Emergency vehicles are parked in front of the Holiday Inn Express and Suites in South Charleston, W.V., Tuesday Jan. 31, 2012 . One guest was found dead and at least four others were sickened, apparently from carbon monoxide poisoning. A natural gas heating unit on a pool at the hotel caused a carbon monoxide leak Tuesday, fire officials said. (AP Photo/The Charleston Gazette,Kenny Kemp)
In the wake of the preventable death of construction worker William J. Moran, 44, of Rhode Island, yesterday in a carbon monoxide leak at the Holiday Inn Express and Suites out on Corridor G, the Daily Mail reports this morning that South Charleston Mayor Frank Mullens wants his city to begin requiring all hotels in their jurisdiction to install life-saving CO alarms.
The bigger question, though, is why Gov. Earl Ray Tomblin and the West Virginia Legislature don’t just pass a simple law that mandates all hotels in our state install these life-saving devices.
Nationally, smoke alarms have been required in hotels since 1990. But that statute does not mandate carbon monoxide detectors or alarms.
The National Conference of State Legislatures reports that 25 states have laws that mandate carbon monoxide detectors in residential buildings. In West Virginia, such a statute was passed in 1998, after lobbying from 5th graders whose teacher nearly died of carbon monoxide poisoning (subscription required). But a look at the NCSL’s list indicates far fewer states acting to require CO units in hotels — Michigan, New Jersey and Vermont list hotels specifically.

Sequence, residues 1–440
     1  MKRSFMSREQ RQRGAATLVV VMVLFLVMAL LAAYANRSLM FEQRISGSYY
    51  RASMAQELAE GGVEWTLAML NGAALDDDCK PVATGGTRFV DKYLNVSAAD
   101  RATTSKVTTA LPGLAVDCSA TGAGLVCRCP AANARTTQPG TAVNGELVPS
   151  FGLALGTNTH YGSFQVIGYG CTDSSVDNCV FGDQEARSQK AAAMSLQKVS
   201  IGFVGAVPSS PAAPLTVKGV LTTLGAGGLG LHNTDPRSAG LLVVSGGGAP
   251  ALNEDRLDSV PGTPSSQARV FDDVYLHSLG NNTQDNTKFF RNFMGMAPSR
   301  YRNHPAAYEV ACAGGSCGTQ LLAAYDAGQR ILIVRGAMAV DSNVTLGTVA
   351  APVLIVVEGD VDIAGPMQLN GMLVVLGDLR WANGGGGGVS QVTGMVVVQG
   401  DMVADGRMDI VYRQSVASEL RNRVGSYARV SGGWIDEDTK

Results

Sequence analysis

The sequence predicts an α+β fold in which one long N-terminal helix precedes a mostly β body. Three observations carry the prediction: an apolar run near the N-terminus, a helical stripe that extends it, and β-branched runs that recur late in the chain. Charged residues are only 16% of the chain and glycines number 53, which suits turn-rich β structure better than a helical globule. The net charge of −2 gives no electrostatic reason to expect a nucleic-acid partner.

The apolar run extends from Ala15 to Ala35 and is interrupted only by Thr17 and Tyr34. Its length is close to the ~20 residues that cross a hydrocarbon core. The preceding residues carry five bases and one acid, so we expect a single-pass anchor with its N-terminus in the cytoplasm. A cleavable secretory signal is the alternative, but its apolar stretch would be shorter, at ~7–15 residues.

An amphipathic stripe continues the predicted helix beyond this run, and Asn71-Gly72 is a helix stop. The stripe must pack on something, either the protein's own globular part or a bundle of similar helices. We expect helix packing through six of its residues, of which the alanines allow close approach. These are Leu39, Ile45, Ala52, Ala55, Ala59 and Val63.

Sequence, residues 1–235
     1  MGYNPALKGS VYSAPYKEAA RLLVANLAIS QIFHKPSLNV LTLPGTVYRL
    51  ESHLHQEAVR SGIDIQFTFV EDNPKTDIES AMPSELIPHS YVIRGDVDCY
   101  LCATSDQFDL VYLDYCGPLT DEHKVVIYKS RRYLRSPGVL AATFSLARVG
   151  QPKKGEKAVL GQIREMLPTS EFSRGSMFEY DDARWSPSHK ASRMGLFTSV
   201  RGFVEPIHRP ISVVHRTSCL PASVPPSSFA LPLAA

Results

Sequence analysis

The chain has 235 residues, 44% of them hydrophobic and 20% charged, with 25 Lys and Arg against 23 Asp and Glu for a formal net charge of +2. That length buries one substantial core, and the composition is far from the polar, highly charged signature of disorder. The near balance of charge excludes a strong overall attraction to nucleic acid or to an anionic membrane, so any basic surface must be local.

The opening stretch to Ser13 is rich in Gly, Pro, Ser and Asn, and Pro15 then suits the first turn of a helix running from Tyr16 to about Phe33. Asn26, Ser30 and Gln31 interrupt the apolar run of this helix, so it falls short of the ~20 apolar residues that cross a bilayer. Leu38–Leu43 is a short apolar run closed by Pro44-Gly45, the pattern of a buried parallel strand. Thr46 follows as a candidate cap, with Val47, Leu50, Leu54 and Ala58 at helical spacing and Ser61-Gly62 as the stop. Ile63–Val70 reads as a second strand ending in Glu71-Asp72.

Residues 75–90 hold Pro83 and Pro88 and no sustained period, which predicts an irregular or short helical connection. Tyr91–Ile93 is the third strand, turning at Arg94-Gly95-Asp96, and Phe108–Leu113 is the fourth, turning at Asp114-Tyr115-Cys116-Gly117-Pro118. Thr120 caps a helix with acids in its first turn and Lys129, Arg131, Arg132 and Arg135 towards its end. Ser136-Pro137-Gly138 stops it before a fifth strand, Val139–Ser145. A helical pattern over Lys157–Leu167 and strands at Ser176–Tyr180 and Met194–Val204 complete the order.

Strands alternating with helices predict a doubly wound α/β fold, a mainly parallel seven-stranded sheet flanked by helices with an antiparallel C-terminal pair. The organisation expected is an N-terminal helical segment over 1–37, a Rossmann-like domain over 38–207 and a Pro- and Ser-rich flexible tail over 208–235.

In one widely quoted article from the American Journal of Preventive Medicine (I saw it in this New York Times piece and forwarded it to the Gazette’s Lori Kersey, who quoted it in today’s paper), Dr. Lindell K. Weaver of the University of Utah explained the importance of the issue:
Between 1989 and 2004, 68 incidents of CO poisoning occurring at hotels, motels, and resorts were identified, resulting in 772 accidentally poisoned: 711 guests, 41 employees or owners, and 20 rescue personnel. Of those poisoned, 27 died.
Interestingly, Dr. Weaver noted:
Poisoning has occurred at hotels of all classes, including those described as “luxury” hotels.
Dr. Weaver wrote that Alaska, Connecticut, Massachusetts and Minnesota have also required carbon monoxide detectors in hotels. But in a survey of more than 100 chain hotel properties, Weaver found that only 11 percent had installed the devices. Dr. Weaver concluded:
Despite evidence of efficacy, CO alarms have not been installed widely by the lodging industry, even at properties where guests and employees have been injured by CO.
Hotel fires are highly publicized, whereas CO poisoning is less dramatic. Therefore, the impetus for national legislation mandating CO alarms in guest rooms is lessobvious. Nevertheless, a single incident can result in multiple fatalities and dozens of injuries. Guests at hotels, motels, and resorts can be protected from CO poisoning by installing a CO alarm in every guest room, like the installation of smoke alarms.
I looked around for a position paper from the hotel industry on this issue, and found one on the website of the American Hotel and Lodging Association. Here’s what it said:
The safety of its guests is the highest priority of the lodging industry. Carbon Monoxide (CO) is a colorless, practically odorless, and tasteless gas. It has multiple industrial uses. Trace amounts of it occur naturally and are part of the atmosphere. Nevertheless, in high enough concentrations, it can be deadly and the risks of exposure to abnormal levels of CO are well known and well publicized. Although there are no federal rules on CO detection, nor is AH&LA empowered to set standards and policies, we urge our members to continue their CO monitoring and prevention policies.